Sometimes it pays to be at your desk when others are sleeping off the previous day’s holiday food and festivities. As was the case this past Friday, it was the perfect occasion for news to drop which would compel a panicky reaction in post-holiday illiquid markets. There are no coincidences on Wall Street, and things happen for a reason; timing is everything. As all know there have been several variants of SARS CoV-2 (COVID-19) and we can anticipate more to come. Whether this current variant, Omicron, will be more dangerous is the question. It has spooked enough health officials that several countries have initiated not only travel restrictions but lockdowns once again. As we write on Tuesday, the jury is still out on this new variant, which brings uncertainty to the investment decision process, and uncertainty will generally lead to lower prices as portfolio managers keep their wallets on the hip so to say.

Pandemic trades have once again captured interest, with energy markets getting crushed, and the energy service stocks coming under selling pressure as well. Underneath the surface, energy company shares have fared better than the price of oil and natural gas. It may be that the industry is more rational, less leveraged, and more disciplined. Or that federal leases are becoming more expensive. Also, money center bank lending to the industry has been restricted due to federal government/ environmental pressure on the banks, holding back business activity and potential supply. So much so, that several oil & gas producing states have come together and threatened the bulge bracket banking organizations with boycotts related to the state pension monies run by the investment management arms of the banks (reported to be about 600 billion dollars). At a 20 basis points management fee, that is 1.2 billion dollars per year in fees to the banks. Not exactly chump change.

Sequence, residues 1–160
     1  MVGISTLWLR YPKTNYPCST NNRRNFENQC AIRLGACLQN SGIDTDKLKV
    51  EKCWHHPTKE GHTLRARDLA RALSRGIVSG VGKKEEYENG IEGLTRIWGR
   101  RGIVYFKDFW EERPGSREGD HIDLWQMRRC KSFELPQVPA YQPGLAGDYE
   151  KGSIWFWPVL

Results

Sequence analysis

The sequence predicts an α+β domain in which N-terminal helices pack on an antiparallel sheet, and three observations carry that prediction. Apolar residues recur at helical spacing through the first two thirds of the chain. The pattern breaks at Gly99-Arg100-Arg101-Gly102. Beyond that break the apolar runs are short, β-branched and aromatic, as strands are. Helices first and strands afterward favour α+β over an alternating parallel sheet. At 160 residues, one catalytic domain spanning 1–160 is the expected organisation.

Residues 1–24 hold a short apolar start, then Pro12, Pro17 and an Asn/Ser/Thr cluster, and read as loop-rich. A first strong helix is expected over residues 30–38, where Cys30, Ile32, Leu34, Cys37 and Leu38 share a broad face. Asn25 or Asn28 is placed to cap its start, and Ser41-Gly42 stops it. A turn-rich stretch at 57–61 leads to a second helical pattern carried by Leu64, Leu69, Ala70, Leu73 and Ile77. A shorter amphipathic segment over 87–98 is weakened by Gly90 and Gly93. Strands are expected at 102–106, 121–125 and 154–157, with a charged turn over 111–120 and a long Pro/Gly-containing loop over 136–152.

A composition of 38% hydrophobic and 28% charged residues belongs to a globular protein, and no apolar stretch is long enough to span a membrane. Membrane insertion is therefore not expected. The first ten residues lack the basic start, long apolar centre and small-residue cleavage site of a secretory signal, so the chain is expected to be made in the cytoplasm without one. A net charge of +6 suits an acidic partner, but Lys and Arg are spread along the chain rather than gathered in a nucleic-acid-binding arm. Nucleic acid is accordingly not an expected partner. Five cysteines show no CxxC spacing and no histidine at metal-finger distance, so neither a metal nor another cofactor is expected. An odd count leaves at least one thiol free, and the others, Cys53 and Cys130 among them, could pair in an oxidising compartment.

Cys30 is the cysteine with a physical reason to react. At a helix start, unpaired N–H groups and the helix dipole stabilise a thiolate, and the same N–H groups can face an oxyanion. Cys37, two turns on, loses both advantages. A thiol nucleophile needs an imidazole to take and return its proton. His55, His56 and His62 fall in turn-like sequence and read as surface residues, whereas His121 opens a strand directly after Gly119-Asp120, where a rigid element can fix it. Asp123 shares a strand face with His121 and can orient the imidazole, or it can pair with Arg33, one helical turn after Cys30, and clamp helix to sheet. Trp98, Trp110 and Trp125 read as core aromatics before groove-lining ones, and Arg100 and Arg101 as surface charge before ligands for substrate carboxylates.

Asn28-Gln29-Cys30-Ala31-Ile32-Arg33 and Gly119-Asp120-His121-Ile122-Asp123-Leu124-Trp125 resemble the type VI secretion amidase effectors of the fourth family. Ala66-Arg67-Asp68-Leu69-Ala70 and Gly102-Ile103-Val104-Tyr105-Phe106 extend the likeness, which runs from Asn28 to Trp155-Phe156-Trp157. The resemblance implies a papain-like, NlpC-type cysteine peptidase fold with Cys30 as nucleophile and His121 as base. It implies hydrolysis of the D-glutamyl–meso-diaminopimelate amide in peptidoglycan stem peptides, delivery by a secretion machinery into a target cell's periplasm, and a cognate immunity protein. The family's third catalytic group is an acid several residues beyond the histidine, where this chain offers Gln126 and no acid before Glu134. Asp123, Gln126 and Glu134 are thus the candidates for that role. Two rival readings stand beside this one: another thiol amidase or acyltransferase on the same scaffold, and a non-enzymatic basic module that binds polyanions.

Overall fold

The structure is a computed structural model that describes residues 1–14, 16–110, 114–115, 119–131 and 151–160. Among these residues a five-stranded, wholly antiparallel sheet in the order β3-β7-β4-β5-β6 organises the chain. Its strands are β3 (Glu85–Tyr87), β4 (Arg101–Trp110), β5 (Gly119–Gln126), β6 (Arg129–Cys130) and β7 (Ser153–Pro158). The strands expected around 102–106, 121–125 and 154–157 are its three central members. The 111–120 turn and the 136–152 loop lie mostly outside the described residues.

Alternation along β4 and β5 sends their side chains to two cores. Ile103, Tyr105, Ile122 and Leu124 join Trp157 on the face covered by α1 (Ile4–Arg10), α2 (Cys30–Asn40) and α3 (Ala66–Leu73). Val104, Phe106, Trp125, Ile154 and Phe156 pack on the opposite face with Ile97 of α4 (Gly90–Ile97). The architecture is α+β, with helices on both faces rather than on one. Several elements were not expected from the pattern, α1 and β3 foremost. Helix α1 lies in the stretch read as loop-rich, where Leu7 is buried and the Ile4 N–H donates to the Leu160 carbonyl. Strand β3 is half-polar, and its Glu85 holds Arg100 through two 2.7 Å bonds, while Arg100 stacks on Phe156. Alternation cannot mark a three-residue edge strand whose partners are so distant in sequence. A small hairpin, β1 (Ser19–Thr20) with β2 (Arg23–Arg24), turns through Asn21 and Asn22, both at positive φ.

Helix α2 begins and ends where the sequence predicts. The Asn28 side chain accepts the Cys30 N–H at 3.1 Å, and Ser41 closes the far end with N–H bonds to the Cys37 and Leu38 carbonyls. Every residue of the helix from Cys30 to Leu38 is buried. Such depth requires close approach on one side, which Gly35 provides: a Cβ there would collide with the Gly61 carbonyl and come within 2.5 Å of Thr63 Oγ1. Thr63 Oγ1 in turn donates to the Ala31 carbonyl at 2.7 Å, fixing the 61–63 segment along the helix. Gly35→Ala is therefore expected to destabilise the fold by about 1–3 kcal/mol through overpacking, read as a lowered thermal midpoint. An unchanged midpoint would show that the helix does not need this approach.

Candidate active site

Back on October 21st, our blog focused on the energy sector. In the last paragraph of the note, we observed the following:
‘It appears that the bullishness has returned in a big way. As an astute friend pointed out recently: “The Bullish Percent Index for the S&P energy stocks remains at 100%.  The % of S&P energy stocks above their 50 day moving average is also at 100%.  It doesn’t get any better than this.” So we keep an eye on the commodity and the sector ETF, trim long positions that are extended and keep stops under the rest.’

Having done so, one would have avoided considerable loss of the gains made in the sector since the pandemic panic lows of March and October of 2020.

So where do we stand now? The pendulum of sentiment has swung once more to the downside from where it stood in October. Since then, WTI crude oil has moved from the mid-80s in price to the mid-60s, with a good portion of that drop in just the last few days of panicky selling. The front-month contract is below the 200-day moving average for three days in a row and is technically oversold on several measures.

Given better news on Omicron and the recent history of lockdowns becoming less prevalent with each new variant, with a rally back above the 200 day, and a trendline break to the upside that sticks, a reasonable 50% retracement of the move down would give a potential upside target of $75 for WTI. That would also be supportive of the shares of the oil & gas producers and refiners. Let’s see what happens.

Stay safe and trade well.


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